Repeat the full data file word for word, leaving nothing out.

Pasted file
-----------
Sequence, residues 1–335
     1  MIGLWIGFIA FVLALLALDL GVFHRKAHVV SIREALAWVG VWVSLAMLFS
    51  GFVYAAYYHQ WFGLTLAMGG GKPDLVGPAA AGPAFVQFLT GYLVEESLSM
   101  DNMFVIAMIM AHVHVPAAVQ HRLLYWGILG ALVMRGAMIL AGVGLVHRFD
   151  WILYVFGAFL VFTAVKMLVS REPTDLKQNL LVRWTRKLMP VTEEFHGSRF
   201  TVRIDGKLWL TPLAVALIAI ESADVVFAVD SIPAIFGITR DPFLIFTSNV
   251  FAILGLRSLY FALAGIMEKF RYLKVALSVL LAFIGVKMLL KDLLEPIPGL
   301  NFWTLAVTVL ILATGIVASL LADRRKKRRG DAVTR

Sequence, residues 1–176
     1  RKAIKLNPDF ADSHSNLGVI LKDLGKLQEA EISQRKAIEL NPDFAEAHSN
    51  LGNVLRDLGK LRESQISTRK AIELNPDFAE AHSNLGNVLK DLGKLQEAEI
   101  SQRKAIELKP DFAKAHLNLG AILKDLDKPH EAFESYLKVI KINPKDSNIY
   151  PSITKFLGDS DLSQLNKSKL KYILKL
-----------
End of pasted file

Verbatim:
Sequence, residues 1–335
     1  MIGLWIGFIA FVLALLALDL GVFHRKAHVV SIREALAWVG VWVSLAMLFS
    51  GFVYAAYYHQ WFGLTLAMGG GKPDLVGPAA AGPAFVQFLT GYLVEESLSM
   101  DNMFVIAMIM AHVHVPAAVQ HRLLYWGILG ALVMRGAMIL AGVGLVHRFD
   151  WILYVFGAFL VFTAVKMLVS REPTDLKQNL LVRWTRKLMP VTEEFHGSRF
   201  TVRIDGKLWL TPLAVALIAI ESADVVFAVD SIPAIFGITR DPFLIFTSNV
   251  FAILGLRSLY FALAGIMEKF RYLKVALSVL LAFIGVKMLL KDLLEPIPGL
   301  NFWTLAVTVL ILATGIVASL LADRRKKRRG DAVTR

Sequence, residues 1–176
     1  RKAIKLNPDF ADSHSNLGVI LKDLGKLQEA EISQRKAIEL NPDFAEAHSN
    51  LGNVLRDLGK LRESQISTRK AIELNPDFAE AHSNLGNVLK DLGKLQEAEI
   101  SQRKAIELKP DFAKAHLNLG AILKDLDKPH EAFESYLKVI KINPKDSNIY
   151  PSITKFLGDS DLSQLNKSKL KYILKL